Three things were made clear to me in my discussions with IRONMAN about its eventual race reopenings. First, that races were likely to become very local. Germans racing in Germany. Kiwis racing in NZ. Texans racing in Texas and so forth. The sort of mass long distance travel, with Germans making up a third of Ironman Florida, was not going to be a feature of racing over the next year.
Second, races would take place when each location deemed an event appropriate, for whatever reason. If a host community agreed that an IRONMAN race could take place, then IRONMAN was going to schedule and produce the race.
Lastly, regardless of whether that host community was strict or not in its pursuit of intrusive public health measures, IRONMAN itself would aggressively pursue its own in-race safety practices (no-touch registration, one-way expo traffic, a less dense expo, no-hands aid station handoffs, less course density, and so on).
IRONMAN Lubbock 70.3 just got cancelled, one day before participants would en masse travel to it (some would-have-been participants are already there). There’s a lesson here:
Not all host community reopenings are created equal, and IRONMAN and its customers should think about this.
There are two kinds of reopenings: the first, the kind where the location follows consensus public health best practices, beats down the virus, has it under control, and cautiously considers it safe to allow an IRONMAN race to go, pursuant to the safety procedures IRONMAN has in place. Then there’s the kind where the community (the country, or the state, or the county) that is more cavalier about the virus, might deny epidemiological best practices, where politics – not economics, but politics – inform public policy, or which has good intentions but simply caves to the pressure of local tantrum throwers.
This virus messed with Texas. Please don’t interpret this as a Californian lecturing Texans on how to handle this pandemic. There were 5,551 new COVID-19 cases reported out of Texas yesterday; in my home state there were 7,149. We blew it. Both our states blew it.
What we’ve learned is that even the most backward, illogical, unscientific approach to public health will eventually give way to this virus. IRONMAN Brazil has been postponed from August 16th to November 8th of this year. Brazil may have the dubious distinction of owning the highest daily new case totals in the world – making it the only country to outpace my own. But it shares two similarities with the U.S.: neither of our countries have hit their peak; and both countries lack a robust, national exhortation gauged toward consensus best practices.
At some point the virus will overwhelm Brazil’s cavalier posture, and IRONMAN will have done all that work, all that planning, for nothing. Just as with what happened in Lubbock. The one small saving grace is that not that many contestants will have to worry about unrecoverable travel costs, because for now all racing, like all politics, is local.
This lesson is not just IRONMAN’s to learn. Do we want to race again? Do we want to swim again? If so, we can do more than wish for it. This is particularly galling to me because I, like you, have embraced an ethos of endurance, of holding pace, of not flagging, of persevering to the end, of knowing and embracing the discomfort that happens in the back half – the hard half – of an effort. I’m watching as my country has given up – has failed to persevere.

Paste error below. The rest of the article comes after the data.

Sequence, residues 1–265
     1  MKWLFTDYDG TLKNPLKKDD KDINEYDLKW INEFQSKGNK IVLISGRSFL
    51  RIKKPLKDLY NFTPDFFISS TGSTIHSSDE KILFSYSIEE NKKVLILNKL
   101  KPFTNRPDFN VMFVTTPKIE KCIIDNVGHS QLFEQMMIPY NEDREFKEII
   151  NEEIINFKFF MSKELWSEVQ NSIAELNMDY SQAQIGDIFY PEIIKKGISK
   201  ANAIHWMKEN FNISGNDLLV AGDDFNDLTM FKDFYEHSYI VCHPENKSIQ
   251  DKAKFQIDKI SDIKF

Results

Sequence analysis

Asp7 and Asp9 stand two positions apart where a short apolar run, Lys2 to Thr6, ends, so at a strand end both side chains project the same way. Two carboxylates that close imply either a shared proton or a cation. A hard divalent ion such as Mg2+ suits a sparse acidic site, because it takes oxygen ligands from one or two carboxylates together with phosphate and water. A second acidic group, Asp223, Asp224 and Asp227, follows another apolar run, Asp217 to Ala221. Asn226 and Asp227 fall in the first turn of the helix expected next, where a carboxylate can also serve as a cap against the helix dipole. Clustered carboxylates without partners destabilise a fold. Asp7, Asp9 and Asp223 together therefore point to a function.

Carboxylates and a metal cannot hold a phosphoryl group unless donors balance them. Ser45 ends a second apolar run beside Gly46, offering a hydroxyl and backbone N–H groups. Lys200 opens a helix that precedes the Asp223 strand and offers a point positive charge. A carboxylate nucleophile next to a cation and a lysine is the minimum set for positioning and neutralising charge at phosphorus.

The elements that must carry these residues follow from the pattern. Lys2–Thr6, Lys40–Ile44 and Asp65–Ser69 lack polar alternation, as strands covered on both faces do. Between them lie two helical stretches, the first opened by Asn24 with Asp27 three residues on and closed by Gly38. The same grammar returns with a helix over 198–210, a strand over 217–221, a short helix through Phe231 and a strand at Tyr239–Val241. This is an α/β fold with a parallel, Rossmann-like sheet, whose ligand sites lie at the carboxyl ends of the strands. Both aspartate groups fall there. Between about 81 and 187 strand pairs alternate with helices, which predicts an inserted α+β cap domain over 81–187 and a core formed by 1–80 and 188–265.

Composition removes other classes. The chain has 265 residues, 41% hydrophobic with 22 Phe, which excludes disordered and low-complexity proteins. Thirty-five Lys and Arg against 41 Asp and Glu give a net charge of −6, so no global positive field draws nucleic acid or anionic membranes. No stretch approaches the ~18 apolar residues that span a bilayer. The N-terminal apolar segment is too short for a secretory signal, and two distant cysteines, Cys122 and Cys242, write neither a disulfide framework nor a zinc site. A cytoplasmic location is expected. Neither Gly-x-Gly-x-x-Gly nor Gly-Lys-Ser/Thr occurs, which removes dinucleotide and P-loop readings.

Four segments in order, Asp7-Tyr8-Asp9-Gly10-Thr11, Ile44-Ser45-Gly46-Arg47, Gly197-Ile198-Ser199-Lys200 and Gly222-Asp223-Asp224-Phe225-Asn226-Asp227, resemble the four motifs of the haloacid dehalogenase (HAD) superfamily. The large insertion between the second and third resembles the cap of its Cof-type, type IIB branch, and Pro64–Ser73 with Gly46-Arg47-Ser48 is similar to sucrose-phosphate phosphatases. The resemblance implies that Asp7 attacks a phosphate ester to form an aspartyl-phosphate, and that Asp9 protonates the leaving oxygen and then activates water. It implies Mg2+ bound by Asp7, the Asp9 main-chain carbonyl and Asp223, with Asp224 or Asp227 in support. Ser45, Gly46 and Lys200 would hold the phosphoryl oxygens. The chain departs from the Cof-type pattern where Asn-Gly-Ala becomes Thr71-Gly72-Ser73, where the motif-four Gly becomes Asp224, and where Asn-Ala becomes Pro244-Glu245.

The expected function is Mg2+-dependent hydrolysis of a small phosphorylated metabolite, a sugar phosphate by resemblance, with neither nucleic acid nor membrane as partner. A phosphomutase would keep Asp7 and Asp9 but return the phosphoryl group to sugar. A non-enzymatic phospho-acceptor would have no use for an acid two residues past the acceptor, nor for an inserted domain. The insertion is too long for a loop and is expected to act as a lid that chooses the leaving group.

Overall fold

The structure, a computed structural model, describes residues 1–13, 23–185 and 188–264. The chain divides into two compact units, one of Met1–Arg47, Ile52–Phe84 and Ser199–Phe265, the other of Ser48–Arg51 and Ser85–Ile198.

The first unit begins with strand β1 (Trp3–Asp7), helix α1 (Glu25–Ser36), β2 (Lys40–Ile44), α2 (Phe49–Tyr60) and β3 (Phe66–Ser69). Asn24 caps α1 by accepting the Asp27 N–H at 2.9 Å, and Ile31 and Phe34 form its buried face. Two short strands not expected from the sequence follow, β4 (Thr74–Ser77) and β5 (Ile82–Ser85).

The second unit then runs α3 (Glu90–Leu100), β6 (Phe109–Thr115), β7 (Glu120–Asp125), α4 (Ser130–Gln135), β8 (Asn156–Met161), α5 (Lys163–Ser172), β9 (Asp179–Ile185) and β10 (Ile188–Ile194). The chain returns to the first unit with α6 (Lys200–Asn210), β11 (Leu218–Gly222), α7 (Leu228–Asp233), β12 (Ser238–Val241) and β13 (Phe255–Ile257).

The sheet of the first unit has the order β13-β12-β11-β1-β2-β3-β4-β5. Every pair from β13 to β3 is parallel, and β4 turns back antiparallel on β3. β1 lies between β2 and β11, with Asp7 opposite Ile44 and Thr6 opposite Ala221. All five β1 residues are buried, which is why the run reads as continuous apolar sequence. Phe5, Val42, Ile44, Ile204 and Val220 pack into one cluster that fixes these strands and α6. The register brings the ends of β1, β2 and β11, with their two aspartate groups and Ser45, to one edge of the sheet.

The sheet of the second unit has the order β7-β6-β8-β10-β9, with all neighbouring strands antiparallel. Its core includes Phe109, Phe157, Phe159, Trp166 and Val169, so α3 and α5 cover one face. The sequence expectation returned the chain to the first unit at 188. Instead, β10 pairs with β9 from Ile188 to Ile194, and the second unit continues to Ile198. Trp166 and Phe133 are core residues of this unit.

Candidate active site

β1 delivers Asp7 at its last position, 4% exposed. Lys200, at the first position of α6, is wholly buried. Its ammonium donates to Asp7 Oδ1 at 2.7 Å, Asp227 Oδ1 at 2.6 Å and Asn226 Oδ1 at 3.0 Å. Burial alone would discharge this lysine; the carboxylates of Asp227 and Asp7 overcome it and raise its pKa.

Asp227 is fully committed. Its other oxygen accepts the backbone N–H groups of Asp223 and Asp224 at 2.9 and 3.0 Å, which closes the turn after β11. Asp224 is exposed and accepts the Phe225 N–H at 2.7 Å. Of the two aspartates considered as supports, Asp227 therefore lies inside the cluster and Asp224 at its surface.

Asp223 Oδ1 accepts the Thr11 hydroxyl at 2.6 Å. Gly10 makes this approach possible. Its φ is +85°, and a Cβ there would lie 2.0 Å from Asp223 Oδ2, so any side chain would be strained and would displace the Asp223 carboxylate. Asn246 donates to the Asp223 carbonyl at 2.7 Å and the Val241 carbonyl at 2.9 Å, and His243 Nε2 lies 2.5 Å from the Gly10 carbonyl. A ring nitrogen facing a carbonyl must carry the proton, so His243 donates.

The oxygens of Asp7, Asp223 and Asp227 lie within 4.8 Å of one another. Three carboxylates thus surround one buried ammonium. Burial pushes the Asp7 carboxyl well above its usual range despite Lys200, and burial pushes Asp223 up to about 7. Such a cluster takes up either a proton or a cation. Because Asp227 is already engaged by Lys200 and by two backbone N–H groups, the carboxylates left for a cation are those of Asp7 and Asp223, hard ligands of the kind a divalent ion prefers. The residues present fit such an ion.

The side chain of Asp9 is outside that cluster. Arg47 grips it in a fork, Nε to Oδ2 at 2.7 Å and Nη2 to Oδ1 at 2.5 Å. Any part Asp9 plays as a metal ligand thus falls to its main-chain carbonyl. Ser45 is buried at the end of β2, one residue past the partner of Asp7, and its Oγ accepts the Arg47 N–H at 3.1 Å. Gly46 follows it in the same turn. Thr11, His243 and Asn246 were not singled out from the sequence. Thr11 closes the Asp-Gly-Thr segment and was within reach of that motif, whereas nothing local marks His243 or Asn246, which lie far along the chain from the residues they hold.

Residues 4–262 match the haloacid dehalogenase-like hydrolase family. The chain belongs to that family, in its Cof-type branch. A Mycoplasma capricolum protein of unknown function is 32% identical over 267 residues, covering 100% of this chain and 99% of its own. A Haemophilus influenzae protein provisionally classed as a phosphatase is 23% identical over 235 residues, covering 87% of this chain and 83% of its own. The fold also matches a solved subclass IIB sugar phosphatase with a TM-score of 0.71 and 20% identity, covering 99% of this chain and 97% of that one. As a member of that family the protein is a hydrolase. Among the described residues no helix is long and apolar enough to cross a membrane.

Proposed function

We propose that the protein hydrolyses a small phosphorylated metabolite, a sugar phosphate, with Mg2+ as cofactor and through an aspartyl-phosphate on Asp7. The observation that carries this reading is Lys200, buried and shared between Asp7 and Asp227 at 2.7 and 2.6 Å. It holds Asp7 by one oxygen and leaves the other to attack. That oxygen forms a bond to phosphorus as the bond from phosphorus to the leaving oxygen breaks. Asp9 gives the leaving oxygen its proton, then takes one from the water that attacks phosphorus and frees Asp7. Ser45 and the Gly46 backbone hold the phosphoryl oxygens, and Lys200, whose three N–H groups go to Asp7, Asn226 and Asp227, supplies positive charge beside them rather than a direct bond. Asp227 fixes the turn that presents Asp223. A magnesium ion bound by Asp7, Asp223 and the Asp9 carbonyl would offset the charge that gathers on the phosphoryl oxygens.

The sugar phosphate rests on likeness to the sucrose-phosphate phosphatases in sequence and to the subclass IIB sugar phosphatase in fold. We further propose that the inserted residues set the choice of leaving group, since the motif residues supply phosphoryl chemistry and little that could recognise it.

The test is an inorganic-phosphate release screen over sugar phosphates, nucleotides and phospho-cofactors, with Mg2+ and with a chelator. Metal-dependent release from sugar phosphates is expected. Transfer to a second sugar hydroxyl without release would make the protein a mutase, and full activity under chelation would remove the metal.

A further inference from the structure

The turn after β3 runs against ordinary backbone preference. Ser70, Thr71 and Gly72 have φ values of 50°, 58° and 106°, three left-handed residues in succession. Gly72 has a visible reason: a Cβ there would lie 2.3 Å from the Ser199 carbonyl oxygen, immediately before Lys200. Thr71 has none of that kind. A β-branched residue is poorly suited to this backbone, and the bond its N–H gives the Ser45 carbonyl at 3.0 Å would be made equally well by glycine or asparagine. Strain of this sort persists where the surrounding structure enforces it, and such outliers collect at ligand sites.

I’m not talking about the choice between economics and public health. It’s the simple things. The mask! And the avoidance of environments this virus loves. I have profound sympathy for those who've lost their incomes or their businesses. The hard decisions are close calls. But my country DNFed on the easy stuff, before it even broke a sweat.
You and I read white papers. We believe in the science of fluid dynamics. We look at rolling resistance tests, we listen to our coaches, and we agree that our best practice is to follow what has been demonstrated in peer reviewed journals. And then, inexplicably, we choose to let our politics inform our epidemiology. This is incongruous. When we behave like this – selectively choosing when a professional consensus guides our public response – then our worldview has no anchor. We, as a community given over to a rather spartan attention to discipline and lifestyle, are better than that.
I’ve written many letters and emails over the last 3 months to my county supervisor and my local city officials. I’ve confronted managers of the places where I shop, and have written national headquarters. Masks. Space. My message to these store owners and community officials is: don’t give up now. Don’t lose your nerve. When your lack of vigilance forces you to again require the use of masks and distancing, this customer will already be gone. Better to emulate best practices now. For those communities who feel best practices are voluntary, fine. I’m with you… when you also decide adherence to traffic lights are voluntary.
Multiple crises face the country in which I live right now, and I see a common theme: a true crisis cannot be overcome through a civilization’s inaction and complacency. A major event cannot be won by everyone waiting for someone else to fix it. Because of our particular ability to see things through to the end; to not give up or give in; to recognize the inherent value in perseverance; to respect the power of endurance – we have a spot reserved in the vanguard. We have the privilege of demonstrating by gentle example what winning looks like, mask by mask.